By Stephen Young
By Stephen Young
By Stephen Young
By Jim Schutze
By Rachel Watts
By Lauren Drewes Daniels
And with every prison consultation, he insists on spending an hour or two with the inmates, giving them a lecture, a pep talk, whatever the facility will allow. "I tell them they are going to fail unless they have hope above and beyond just surviving. I remind them about how good a cold apple tastes, about the wonders of privacy, the joys of owning your own bass boat. No one else is telling them that stuff."
Recently, however, Rollo has been joined by a chorus of academics and researchers alarmed at the staggering number of prisoners who are entering communities. The most notable among them is Jeremy Travis, a senior research fellow at the Urban Institute and the former director of the National Institute of Justice, the research arm of the Department of Justice.
"Travis commanded a great deal of public attention and began talking to the media about the problem around 1998," says Dr. Todd Clear, a professor of criminal justice at John Jay College in New York City. "He was really talking about parole, but he began using the term re-entry, which doesn't sound as dangerous and feels like a positive thing."
Travis says he was only responding to the concerns of then Attorney General Janet Reno. "The crime rate was the lowest rate in a generation. The prison-building boom was virtually over across the country and the prison population is barely increasing," Travis explains. "Those facts make it easier for us to focus on what we should have been focusing on all along, the consequences of incarceration."
As a result, Congress created "The Serious and Violent Offender Reentry Initiative," which authorizes $100 million in federal grants to set up pre- and post-release programs. According to a July press release from Attorney General John Ashcroft, the money will target "education, job and life-skills training, and substance abuse treatment" for inmates and ex-convicts "while carefully monitoring their activities after release."
For his part, Jeremy Travis has impaneled a roundtable of academics, policy makers and practitioners who presented their findings in October 2000 in the hope of generating bold re-entry initiatives and further study. Rollo did not attend, but Travis calls his work "prophetic" and his voice "valuable in this national policy discussion."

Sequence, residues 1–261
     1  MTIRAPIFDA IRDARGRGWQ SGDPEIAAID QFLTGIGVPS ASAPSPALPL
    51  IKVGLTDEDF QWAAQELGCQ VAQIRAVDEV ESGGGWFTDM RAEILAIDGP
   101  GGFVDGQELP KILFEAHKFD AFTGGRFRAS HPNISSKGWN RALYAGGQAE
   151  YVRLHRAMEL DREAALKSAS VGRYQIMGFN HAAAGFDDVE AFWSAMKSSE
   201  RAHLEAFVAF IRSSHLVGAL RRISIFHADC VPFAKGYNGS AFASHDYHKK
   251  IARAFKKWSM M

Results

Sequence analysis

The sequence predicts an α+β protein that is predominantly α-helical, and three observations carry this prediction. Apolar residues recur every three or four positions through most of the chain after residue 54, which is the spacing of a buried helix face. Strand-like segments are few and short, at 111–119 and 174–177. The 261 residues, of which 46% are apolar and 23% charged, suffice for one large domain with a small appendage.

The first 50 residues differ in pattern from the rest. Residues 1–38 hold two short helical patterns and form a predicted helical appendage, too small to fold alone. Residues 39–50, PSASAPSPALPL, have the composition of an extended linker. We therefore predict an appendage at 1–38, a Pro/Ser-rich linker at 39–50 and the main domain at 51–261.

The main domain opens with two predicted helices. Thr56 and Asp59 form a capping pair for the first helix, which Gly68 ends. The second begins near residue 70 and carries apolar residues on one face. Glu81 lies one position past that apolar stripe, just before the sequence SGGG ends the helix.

Rollo calls this national policy discussion "bogus bullshit...I told Travis I can collect 20 ex-cons who could tell him everything he needed to know over a cup of coffee. It might not be scientifically validated, but it would be the truth."
Perhaps it's just the old ex-con in him who can never trust "the man," but Rollo worries that the system will use the re-entry issue to "inject life back into the corpse of the parole system," which some states (not Texas) have abolished altogether.
If Ned Rollo ruled the world of re-entry--and he would certainly like to--he would mandate that every inmate (except sexual predators) who comes out of prison be subject to some form of supervision for 60 months. "From the day a person walks into the penitentiary, five years of arrest-free living should be the universal goal of the system," he says. "If an ex-con makes it that long, that means they have made a fundamental lifestyle shift, and the chance of them reoffending is less than 5 percent." But until society gets over its bias against "doing favors for deviates"; until it recognizes "its social responsibility in teaching them to read or getting them a job"; until it acknowledges that "prison makes people three to five times more fucked-up than when they entered," he argues, "nothing will change."
Oddly, at the same time he rails against this new interest in re-entry as repackaged "political pap," he seeks validation from it. "I have been preparing for this moment for the last 30 years," he says. Over the past few weeks, he has learned that his newly revised edition of 99 Days and a Get Up will be used as the source material in prerelease programs at 20 federal institutions in five states as well as every prison run by the state of West Virginia. Not only will his book be required reading for every inmate being released from these facilities, each will take a course specifically designed around the material.
The rest of the world may finally be catching up with Ned Rollo, if only he will let it. His is a complex dance between "outlaw" and "inlaw," between high drama and low esteem, between feeling alienated from a society he seeks to embrace and beholden to a society he seeks to hold accountable. As he learned in Canada, it's not yet possible to distance himself from his past. Then again, he wouldn't want to: He can never lose touch with his rage and resentment--not if he wants to keep telling his story and not if he wants ex-cons to listen.